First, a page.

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Published on 11 December 2007

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Study boost for cancer drug success

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Scientists have discovered a way to improve the success of a drug used to combat ovarian cancer, it has emerged.

The study found that the loss of a protein called TGFBI causes Taxol (paclitaxel) to fail.

The drug is a common chemotherapy treatment, but only 50% of patients with the disease respond well to it.

Now experts at the Cambridge Research Institute at Cambridge University have found people who have no response to the drug have less TGFBI in their pre-treatment samples, compared with those whose condition improved.

Dr James Brenton, who lead the study, said: “TGFBI is lost in one third of primary ovarian cancers and it is possible that this protein could be used as a biomarker for selecting patients likely to respond to this class of drug.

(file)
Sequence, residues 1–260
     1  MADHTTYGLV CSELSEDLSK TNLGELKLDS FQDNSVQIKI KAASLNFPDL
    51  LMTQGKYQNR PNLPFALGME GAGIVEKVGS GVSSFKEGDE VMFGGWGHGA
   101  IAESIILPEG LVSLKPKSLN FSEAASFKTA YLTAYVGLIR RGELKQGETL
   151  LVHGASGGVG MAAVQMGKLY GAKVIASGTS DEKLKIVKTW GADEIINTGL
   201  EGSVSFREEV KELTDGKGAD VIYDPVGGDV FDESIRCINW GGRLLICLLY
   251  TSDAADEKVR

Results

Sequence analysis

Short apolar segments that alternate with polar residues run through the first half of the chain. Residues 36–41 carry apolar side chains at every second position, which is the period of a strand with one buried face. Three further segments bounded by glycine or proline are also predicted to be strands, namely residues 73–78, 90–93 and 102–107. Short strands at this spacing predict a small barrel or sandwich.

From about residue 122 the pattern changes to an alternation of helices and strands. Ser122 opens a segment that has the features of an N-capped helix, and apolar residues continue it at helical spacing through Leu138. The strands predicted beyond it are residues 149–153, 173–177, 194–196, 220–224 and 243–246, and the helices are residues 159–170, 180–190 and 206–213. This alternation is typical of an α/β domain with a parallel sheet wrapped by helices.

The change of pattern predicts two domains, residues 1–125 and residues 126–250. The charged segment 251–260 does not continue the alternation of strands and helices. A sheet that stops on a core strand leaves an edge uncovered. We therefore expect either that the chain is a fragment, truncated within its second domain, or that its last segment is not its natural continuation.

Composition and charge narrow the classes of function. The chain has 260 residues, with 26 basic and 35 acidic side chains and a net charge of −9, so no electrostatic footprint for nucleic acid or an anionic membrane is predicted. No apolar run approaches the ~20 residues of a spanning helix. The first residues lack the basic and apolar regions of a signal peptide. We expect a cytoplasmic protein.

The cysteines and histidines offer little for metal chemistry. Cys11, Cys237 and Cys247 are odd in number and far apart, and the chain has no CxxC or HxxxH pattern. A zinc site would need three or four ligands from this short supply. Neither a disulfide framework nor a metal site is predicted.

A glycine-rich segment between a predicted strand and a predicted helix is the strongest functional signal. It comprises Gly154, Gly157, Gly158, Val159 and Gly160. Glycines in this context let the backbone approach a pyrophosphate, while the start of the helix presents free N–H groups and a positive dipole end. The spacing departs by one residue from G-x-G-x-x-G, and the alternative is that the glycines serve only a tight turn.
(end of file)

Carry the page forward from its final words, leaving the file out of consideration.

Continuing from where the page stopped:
“Our findings offer hope not only for improved ovarian cancer treatment, it may also lead to improvements in the success rate of other taxane drugs used to treat lung and breast cancer.”

Prof Herbie Newell, Cancer Research UK’s director of translational research, said: “We are entering a period of cancer treatment where more drugs are targeted at those people who will benefit the most.

“This personalised medicine approach potentially means treatments will be more effective with fewer side-effects.”

Copyright © PA Business 2007

Cambridge Research Institute



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